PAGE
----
Personal doc chronicling activists and ordinary lives during a Syrian civil war is honest, intimate and gripping
FOR SAMA (Waad al-Kateab and Edwards Watts, UK, U.S./Syria). 94 minutes. Rating: NNNN
The devastating impact of the Bashar al-Assad regime’s attacks on his own citizens during the Syrian war reverberates through university student-turned-citizen journalist Waad al-Kateab’s debut feature documentary. Filmed over several years, al-Kateab records how a peaceful protest movement turned into a civil war in Aleppo, where bombings and shelling were daily occurrences.
Much of the doc is set in a volunteer-run hospital set up by doctor-activist, Hamza, who later becomes her husband and the father of her two children. At times, the doc makes the viewer feel voyeuristic as we see tragedies unfold, like when a young boy watches his brother die or a mother clutches her dead child. When the mother notices al-Kateab, she screams “Why are you filming this?”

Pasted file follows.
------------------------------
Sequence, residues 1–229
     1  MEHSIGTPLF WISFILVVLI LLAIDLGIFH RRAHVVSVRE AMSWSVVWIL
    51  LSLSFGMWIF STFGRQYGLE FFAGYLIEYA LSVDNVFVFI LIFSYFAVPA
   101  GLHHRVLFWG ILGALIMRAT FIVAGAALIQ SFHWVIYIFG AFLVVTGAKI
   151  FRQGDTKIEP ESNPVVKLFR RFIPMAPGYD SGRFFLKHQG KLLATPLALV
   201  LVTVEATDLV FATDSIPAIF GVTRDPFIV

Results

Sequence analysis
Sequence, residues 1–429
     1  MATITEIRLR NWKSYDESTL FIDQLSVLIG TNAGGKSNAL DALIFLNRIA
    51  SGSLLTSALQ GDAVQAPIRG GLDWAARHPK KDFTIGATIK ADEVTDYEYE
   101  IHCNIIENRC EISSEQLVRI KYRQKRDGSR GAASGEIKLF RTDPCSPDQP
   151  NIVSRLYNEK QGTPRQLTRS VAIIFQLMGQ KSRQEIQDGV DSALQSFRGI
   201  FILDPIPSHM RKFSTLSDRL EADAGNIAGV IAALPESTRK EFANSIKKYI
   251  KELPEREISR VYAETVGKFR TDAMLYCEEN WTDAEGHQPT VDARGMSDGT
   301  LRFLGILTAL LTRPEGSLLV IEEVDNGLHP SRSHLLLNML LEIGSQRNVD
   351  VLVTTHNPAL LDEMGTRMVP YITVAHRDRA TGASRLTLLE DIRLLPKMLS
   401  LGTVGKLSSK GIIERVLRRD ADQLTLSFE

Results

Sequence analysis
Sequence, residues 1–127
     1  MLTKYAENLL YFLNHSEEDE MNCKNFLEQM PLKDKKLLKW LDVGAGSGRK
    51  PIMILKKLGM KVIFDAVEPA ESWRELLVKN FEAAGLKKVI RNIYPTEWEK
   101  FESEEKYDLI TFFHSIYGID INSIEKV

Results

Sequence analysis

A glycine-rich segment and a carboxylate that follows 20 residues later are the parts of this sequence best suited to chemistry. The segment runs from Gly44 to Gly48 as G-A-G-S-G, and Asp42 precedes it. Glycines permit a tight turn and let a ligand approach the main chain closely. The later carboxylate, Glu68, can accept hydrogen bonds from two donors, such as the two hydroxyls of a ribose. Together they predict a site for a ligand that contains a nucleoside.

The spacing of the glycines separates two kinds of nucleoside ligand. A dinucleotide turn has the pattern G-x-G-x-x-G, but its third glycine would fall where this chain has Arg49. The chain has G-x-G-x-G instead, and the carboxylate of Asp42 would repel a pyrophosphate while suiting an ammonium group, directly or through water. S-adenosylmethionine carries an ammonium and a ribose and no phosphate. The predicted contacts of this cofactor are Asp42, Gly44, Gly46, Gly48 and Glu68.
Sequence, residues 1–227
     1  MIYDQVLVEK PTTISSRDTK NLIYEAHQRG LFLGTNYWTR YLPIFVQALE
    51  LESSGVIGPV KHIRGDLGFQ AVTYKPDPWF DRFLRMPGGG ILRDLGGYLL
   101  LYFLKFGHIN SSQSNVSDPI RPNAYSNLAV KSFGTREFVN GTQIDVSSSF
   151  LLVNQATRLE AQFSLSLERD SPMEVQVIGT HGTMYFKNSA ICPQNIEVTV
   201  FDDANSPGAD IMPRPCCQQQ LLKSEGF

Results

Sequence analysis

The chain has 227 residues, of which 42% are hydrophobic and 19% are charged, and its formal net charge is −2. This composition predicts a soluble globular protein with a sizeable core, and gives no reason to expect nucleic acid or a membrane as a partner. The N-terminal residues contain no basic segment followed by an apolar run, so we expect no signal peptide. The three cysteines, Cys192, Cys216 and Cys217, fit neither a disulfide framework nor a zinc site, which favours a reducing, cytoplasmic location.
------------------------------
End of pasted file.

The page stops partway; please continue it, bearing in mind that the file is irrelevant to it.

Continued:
Yet al-Kateab never shrinks from filming the graphic images of war or frightening situations, like when an air strike hits the hospital, which also makes it a remarkably honest and gripping depiction of war. Shot on a handheld camcorder, DSLR and her smartphone, the film’s footage is at times shaky and low quality, also adding to the emotional immediacy.
But even in wartime, life still continues. We see al-Kateab and Hamza get married in a small ceremony at home and the joy a single persimmon brings when there are food shortages. In one of the doc’s most arresting scenes, Hamza plays peek-a-boo with his baby daughter using a mouth mask during an attack.
Al-Kateab narrates the doc as if speaking to her daughter, Sama. Early on, she says “I want you to know why your father and I made the decision we did to have you.” She doesn’t explicitly explain why, but it’s clear that al-Kateab has a fierce love for Syria and dreams of bringing Sama back to a peaceful, lush Aleppo one day, even if that day is far off in the future.